So just generically, I would advise you to devote more time in prepping to write your script.

The second response is inspired by this phrase you used in your query: “then in the second [act] the characters seem to shutdown, I just can’t connect with them.”

This suggests that you haven’t spent enough time with your characters. In my experience, most characters want their story to be told. So it’s up to you as the writer to create a connection with them. If you they don’t feel like you’ve taken time enough to understand them, perhaps that’s why they’re shutting you down.

[This is another area I've posted about several times, so another site search would be a good idea, this time using the words "character development."]

However for purposes of this post, let me propose three ideas re character development:

* Get curious: Ask each of your main characters questions about themselves, essentially conduct an interview. I like to open a Word file per each character and do the ‘interview’ there. Here is an initial set of questions you can ask:

What is your name?
How old are you?

How would you describe your physical appearance?
How do you feel about the way you look?

Who are your parents?
Describe your relationship with your mother.
Describe your relationship with your father.

Who is the most important person in your life? Why?
Are you in love?
If so, describe your lover and your relationship with them.
If not, why not?
Describe what your soul-mate would be like?

Do you believe in God?
If so, describe your relationship with God.
If not, why not?
When did you stop believing in God?

Do you consider yourself to be an optimist or a pessimist? Why?

What do you do for a living?
If you like your job, explain why.
If not, explain why not.

In ten years, where will you be and what will you be doing?

Answer these questions:

My biggest strengths are…

My biggest weaknesses are…

I am most proud of…

I am most ashamed of…

I am most angry about…

And finally, be as honest as you can with this question:

I am most afraid of…

This last question – what are you most afraid of – can be the single most important way to zero in on the core essence of a character. As a rule, people try to avoid pain. If they know what scares them, they will go to great lengths to construct a daily life that avoids that which causes them fear. Therefore in many ways, the answer to this question is a key to understanding how and why a character is ‘constructed’ (psychologically) the way they are.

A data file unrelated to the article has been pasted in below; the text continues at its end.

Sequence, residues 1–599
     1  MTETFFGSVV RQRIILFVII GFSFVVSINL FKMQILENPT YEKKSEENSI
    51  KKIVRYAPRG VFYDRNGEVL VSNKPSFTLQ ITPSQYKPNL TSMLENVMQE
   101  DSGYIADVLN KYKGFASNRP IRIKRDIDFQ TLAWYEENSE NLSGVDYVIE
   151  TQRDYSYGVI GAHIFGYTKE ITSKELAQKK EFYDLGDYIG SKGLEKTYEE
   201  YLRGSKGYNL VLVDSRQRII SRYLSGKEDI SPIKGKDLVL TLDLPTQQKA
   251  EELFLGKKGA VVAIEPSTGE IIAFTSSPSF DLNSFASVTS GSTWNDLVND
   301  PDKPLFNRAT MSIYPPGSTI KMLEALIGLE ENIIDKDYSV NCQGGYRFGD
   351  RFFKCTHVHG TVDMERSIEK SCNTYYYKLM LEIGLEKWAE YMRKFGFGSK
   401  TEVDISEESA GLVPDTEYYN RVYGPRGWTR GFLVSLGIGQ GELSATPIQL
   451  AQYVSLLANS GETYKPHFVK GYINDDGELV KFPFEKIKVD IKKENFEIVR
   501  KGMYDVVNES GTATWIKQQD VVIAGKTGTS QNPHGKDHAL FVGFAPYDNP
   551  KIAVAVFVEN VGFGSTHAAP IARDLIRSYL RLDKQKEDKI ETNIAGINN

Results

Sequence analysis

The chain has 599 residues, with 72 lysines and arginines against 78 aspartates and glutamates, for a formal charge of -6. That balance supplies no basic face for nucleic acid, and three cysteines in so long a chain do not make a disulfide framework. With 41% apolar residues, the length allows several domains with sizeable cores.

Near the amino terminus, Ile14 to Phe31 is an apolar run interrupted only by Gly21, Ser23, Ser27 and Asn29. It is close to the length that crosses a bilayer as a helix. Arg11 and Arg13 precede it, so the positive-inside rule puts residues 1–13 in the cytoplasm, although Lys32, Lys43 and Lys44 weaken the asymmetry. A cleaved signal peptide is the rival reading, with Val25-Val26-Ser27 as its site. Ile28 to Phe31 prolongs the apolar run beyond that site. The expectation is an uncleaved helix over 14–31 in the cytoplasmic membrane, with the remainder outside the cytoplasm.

* Sit with your characters: Sit down with your character in mind and consider them. And as you sit with them, write down the thoughts and feelings that you have. Don’t edit, just transpose what you experience about your characters, then into your fingers, and finally onto the keyboard or paper (if you’re writing longhand). Essentially you are giving your character room to communicate to and with you.

* Consider what their narrative function is: After you’ve spent a good portion of time with your characters, asking them questions and sitting with them so they can ‘talk’ to you, think about how each of the characters functions in terms of the plot. Which is the Protagonist? Who is the Nemesis? Is there an Attractor character (one who is connected most closely to the P’s emotional development)? Is there a Mentor character (one who is connected most closely to the P’s intellectual development)? Is there a Trickster character (one who acts as an ally to the P some times, and other times as a enemy)?

By identifying their core narrative function, that can provide another key insight into who each character is. Plus, in determining what each character’s primary role is in relation to the Plotline, you can stay laser focused on what their respective goals are, not only long-term, but also in terms of every single scene.

Often the most important questions you ask are of your Protagonist because it is their goals that define the journey. So one way to approach your characters is this:

* Who is my Protagonist?

* What do they want (External Goal)?

* What do they need (Internal goal)?

* Who is keeping them from their goal (Nemesis)?

And then on to see which characters are connected primarily to the P’s emotional development (Attractor), P’s intellectual development (Mentor), who tests the P sometimes as enemy, sometimes as ally (Trickster).

So the big notes: Spend more time with your characters. Dig into who they are and why they are the way they are. Get curious about them – ask them questions. Give them room to talk – sit with each character. And try to sort out what each character’s narrative function is.

As I said, I believe that characters want their story to be told. If you show each character the respect they deserve by spending time with them, asking them questions, listening to them talk, discerning what their core narrative function is, it’s likely they will not shut you down, but rather stay connected with you, allies in your page-writing process.

[Originally posted December 20, 2009]